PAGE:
Visible only to those like them and to human children, Damiel and Cassiel are two angels, who have existed even before humankind. Along with several other angels, they currently wander around West Berlin, generally on their own, observing and preserving life, sometimes trying to provide comfort to the troubled, although those efforts are not always successful. Among those they are currently observing are: the cast and crew of a movie - a detective story set in WWII Nazi Germany - which include a sensitive and perceptive Peter Falk; an elderly man named Homer looking for eternal peace; and the troupe of a financially failing circus, which has closed early for the season because of those financial problems. One day, Damiel tells Cassiel that he wants to become human, to feel not only the sensory aspects of physical beings, but also emotional aspects. He embarks on this thought with the full realization that there is no turning back if he decides to do so. His thoughts are largely ...Written by
Wim Wenders originally wanted Peter Handke to collaborate on the script. Handke declined to work on the script as a whole but agreed to write a set number of important scenes which Wenders could then work around. See more »
When Cassiel sees Damiel's footprints in the sand just after he becomes 'real' the prints shown are too far apart and the foot angle too extreme to be anything like the normal walking gait they had up to that point. See more »
[in German, using English subtitles]
When the child was a child, it walked with its arms swinging. It wanted the stream to be a river, the river a torrent, and this puddle to be the sea. When the child was a child, it didn't know it was a child. Everything was full of life, and all life was one. When the child was a child, it had no opinion about anything, no habits. It often sat cross-legged, took off running, had a cowlick in its hair, and didn't make faces when ...
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Dedicated to all the former angels, but especially to Yasujiro, François and Andrej. See more »
One of the greatest movies of the late 20th century
There are so many comments written about this movie, I almost don't want to write anything - but here I am anyway :)
Though everyone is entitled to their own opinion, it disturbs me to read negative comments that WOD is 'too slow' or that Wenders should have been a still life photographer. I think that some people are missing the point of this movie. Wenders filmed this after having been part of the Hollywood machine for several years, and had grown sick of the cookie cutter films that were (and still are) being made in that tradition to produce ticket sales. Yes, this movie doesn't have loads of action and car chase scenes and guns and sex. It does offer some interesting perspectives. The consistent third person view and 'objectification' of the viewer is one aspect. Watching WOD, you don't feel the typical draw into the movie as so often is the case, but rather are a bystander, looking through a window, with your own thoughts and ideas a part of the movie, not the other way around. WOD doesn't allow you to become a subjective part of the film; it 'pushes' you away from empathizing. Even the camera angles and shots motivate this sentiment. The goal and direction of the film are presented without struggle or thought; you know that Damiel wants to be with Marion. He tells Cassiel this, and the only question is - how will he achieve this goal?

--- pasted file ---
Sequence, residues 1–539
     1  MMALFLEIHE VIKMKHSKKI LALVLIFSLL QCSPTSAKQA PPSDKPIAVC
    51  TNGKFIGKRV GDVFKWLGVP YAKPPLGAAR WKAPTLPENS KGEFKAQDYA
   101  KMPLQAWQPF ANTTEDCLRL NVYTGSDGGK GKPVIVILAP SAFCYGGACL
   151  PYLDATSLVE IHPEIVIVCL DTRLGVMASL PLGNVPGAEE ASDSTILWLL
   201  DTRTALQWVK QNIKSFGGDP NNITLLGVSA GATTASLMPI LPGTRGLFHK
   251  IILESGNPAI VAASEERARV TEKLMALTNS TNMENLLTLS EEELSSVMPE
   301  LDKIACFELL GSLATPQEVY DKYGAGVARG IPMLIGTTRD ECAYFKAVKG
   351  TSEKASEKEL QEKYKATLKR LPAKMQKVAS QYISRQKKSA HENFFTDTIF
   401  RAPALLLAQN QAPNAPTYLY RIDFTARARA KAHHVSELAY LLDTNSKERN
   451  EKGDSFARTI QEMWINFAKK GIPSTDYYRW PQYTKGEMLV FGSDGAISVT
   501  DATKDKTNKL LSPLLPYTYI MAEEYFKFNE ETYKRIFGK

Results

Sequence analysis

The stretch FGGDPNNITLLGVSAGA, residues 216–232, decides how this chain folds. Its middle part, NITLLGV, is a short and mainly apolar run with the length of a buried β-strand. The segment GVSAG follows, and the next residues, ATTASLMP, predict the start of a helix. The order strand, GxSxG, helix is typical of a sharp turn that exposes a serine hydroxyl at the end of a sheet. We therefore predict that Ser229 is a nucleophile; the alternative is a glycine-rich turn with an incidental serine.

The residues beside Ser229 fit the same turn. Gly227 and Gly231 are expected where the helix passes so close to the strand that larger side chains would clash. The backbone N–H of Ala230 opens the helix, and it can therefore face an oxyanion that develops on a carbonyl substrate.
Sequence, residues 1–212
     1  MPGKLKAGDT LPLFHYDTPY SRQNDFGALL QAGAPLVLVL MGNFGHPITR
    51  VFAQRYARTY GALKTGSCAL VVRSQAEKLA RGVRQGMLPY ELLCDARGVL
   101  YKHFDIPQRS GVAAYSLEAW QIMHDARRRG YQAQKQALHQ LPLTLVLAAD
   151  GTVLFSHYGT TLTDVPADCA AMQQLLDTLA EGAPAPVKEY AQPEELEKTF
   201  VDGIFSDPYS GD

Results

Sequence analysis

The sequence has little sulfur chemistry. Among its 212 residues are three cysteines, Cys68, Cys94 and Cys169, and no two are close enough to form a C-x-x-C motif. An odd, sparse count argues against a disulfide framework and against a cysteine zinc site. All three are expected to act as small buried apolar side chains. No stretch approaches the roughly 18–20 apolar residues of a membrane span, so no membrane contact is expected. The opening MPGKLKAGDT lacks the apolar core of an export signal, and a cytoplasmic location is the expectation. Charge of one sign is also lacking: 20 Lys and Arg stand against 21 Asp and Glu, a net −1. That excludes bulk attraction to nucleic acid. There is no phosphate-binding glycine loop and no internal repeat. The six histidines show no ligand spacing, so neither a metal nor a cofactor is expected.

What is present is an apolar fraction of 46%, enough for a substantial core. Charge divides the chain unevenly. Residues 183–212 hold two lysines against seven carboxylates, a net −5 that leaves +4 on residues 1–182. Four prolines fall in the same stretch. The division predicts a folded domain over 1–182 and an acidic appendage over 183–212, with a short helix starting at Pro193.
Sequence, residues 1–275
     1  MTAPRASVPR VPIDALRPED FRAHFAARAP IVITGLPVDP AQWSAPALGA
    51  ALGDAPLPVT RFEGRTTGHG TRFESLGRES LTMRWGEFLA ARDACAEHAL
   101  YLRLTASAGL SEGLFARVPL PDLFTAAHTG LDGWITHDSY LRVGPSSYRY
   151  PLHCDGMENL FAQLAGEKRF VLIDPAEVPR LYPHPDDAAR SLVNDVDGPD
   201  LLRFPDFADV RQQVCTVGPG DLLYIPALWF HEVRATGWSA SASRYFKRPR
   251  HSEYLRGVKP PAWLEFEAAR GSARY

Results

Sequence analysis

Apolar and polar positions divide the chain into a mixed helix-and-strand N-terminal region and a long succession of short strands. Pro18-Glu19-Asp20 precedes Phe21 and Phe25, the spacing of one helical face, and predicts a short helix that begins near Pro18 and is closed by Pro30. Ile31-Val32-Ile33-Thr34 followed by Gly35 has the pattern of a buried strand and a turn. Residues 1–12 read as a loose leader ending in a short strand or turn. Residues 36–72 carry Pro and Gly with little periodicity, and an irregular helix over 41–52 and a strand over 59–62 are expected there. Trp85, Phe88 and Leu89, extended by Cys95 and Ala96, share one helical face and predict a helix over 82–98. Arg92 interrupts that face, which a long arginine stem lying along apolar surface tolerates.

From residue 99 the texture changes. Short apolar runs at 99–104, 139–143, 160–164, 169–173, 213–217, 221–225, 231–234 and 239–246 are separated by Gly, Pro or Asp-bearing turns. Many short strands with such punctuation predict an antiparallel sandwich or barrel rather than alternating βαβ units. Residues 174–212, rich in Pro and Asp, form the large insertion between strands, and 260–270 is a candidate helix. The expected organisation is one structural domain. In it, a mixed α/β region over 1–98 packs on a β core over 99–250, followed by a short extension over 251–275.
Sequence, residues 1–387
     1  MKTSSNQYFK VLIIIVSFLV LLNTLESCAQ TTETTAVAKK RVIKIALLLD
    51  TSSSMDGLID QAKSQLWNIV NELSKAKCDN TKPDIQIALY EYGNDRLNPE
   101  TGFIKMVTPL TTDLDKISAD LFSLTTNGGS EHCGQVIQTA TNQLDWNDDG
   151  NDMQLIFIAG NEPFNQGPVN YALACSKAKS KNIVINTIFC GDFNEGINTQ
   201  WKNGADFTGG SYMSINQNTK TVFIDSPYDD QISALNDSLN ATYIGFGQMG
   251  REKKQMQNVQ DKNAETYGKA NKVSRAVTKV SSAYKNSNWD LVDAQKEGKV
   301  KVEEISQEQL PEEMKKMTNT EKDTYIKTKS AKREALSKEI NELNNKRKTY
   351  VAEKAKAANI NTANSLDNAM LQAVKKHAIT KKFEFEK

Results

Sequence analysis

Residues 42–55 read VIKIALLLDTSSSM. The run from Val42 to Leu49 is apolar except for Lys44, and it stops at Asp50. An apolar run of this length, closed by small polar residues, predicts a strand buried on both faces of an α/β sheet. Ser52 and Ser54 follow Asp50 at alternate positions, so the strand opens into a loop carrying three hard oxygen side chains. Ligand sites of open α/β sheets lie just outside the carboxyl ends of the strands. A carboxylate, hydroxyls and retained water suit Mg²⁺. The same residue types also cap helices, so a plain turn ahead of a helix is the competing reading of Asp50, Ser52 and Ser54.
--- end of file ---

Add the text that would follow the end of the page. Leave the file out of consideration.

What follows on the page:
WOD belies a sense of traditional film-making. Peter Falk is presented as perhaps the 'idea' of history as fans call out 'Colombo!' The angels are bound to Berlin, existing in a purgatory neither heaven or hell, unable to communicate. The trapeze artist from a traveling circus representing freedom - not only freedom from an everyday lifestyle, but also the key to Damiel's freedom. This movie contains so many interesting ideas and perspectives, that when watched with an open, curious mind, it is fascinating, mesmerizing, calming and inspirational. Filmed entirely in Berlin, the city is not a traditional definition of beautiful. But the industrial, modernist, post WW II reconstructed Berlin is stunning and diverse, providing the perfect background for this modern classic. I cannot recommend this movie enough. But please watch it with open eyes. In the same sense you cannot listen to the music of Schoenberg or Stravinsky as you would Mozart, you cannot watch Wings of Desire as you would a Spielberg movie.
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